The period Mohanty covers in this book has seen a deliberate disregard for facts, evidence and data in favour of outwardly claims, rhetoric and a divisive agenda. So much so that the National Statistics Commission Chief, P.C. Mohanan had to resign in protest.

Dismantling the Planning Commission of India (PCI) in 2014 and replacing it with a think-tank NITI Aayog is where the seeds of this economic distress was sown, according to Mohanty. From providing economic logic and evidence based, planned growth model, India moved on to a non-planned and self-serving growth model and reducing the think-tank into “a big cheerleader of all of the government’s policies.”

NITI Aayog’s uncritical support to demonetisation, rolling out of GST and the (mis)handling of COVID-19 (remember the graph which claimed by May 16, 2020 India will have zero cases?) are examples to this.

Giving a miss to parliamentary debates, disengagement with public debates, criminalising dissent, laws being passed as money bills, introducing electoral bonds bypassing and undermining Election Commission, mainstream media turning subservient to the regime and not holding those in power to account are some of the cases of weakening of democratic checks and balances that Mohanty discusses.

He says, “The Supreme Court has shown remarkable reluctance to uphold fundamental rights, questioning the government and decide the constitutionality of several critical laws causing widespread distress (abrogration of Article 370, citizenship law, farm laws, electoral bond etc).”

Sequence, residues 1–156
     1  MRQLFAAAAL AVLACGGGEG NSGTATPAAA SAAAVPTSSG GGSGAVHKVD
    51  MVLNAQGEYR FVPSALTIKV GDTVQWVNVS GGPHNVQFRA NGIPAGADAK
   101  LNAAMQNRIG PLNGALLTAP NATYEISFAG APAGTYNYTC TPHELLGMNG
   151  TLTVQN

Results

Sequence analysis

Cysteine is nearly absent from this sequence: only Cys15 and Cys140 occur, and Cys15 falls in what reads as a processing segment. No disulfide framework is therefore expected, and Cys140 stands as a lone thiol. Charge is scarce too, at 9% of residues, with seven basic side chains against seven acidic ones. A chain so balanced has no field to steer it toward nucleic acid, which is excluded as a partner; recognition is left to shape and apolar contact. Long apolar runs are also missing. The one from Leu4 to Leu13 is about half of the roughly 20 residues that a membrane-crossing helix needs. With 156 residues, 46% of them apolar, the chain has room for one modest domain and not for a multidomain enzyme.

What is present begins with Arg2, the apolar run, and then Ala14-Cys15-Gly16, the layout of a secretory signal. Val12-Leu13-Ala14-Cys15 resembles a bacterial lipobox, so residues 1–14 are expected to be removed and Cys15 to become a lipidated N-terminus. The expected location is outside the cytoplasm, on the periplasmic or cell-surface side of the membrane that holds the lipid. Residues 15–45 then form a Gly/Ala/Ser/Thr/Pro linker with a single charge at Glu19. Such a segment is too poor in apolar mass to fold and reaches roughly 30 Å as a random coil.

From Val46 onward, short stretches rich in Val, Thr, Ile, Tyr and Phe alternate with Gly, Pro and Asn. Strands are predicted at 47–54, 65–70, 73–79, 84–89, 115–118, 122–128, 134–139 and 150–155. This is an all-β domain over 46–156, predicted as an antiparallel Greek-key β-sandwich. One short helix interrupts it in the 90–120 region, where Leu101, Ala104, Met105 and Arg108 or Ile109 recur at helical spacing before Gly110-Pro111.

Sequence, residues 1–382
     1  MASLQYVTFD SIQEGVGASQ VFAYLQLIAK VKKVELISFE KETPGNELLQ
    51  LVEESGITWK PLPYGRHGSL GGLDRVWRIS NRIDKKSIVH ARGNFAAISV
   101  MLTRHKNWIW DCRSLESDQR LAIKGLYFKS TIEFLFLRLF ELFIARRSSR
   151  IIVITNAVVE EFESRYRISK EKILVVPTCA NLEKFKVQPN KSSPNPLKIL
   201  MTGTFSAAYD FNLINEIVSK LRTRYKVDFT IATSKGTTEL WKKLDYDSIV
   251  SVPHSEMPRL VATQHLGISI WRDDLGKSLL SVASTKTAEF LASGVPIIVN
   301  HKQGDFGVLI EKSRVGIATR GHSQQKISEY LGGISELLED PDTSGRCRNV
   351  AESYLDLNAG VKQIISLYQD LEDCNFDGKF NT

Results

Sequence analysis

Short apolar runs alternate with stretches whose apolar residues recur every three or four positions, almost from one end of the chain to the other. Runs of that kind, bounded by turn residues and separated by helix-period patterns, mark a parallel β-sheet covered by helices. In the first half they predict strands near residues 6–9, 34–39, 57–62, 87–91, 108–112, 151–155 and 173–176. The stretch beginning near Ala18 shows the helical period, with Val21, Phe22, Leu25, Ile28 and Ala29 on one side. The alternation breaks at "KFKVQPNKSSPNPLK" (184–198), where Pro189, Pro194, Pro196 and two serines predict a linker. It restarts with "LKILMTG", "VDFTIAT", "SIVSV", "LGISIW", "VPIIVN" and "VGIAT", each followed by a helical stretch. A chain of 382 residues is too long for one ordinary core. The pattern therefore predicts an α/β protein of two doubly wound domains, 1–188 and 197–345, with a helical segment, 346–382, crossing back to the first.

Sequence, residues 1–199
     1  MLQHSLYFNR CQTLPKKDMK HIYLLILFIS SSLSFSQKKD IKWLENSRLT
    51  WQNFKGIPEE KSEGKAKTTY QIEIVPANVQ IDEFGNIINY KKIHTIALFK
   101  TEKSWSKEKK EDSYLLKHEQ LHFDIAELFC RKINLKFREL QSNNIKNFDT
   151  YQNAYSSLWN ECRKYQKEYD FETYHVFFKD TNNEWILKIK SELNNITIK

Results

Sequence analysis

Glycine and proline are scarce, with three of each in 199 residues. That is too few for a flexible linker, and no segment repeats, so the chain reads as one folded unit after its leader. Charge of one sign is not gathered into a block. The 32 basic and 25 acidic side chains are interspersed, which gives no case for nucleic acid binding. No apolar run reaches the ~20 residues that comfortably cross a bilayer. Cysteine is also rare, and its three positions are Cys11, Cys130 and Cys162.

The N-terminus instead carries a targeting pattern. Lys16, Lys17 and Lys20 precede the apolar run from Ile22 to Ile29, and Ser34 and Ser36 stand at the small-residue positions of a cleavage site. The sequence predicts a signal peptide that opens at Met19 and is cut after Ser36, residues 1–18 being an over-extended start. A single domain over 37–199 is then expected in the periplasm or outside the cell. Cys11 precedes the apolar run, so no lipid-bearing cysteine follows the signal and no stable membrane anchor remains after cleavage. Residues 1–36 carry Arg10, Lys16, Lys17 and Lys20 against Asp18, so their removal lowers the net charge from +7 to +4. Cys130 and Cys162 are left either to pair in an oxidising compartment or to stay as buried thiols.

Mohanty quotes IndiaSpend’s analysis which showed that during Modi’s first term (2014-19) only 25% of Bills were referred to parliamentary committees compared to 71% of United Progressive Alliance-II or 60% of UPA-I and only 10% of bills introduced during the second term of Modi government was referred to committees.

Mohanty also cites the fall of India’s top auditor, the Comptroller and Auditor General of India. While it played a critical role before 2014, post that, its wings were clipped to the extent that in the Rafale deal corruption scandal, it could only produce a ‘redacted’ report withholding critical information, while in the past whether on Bofors, or a ‘presumptive loss’ in 2G spectrum allocations, CAG’s reports brought in regime changes.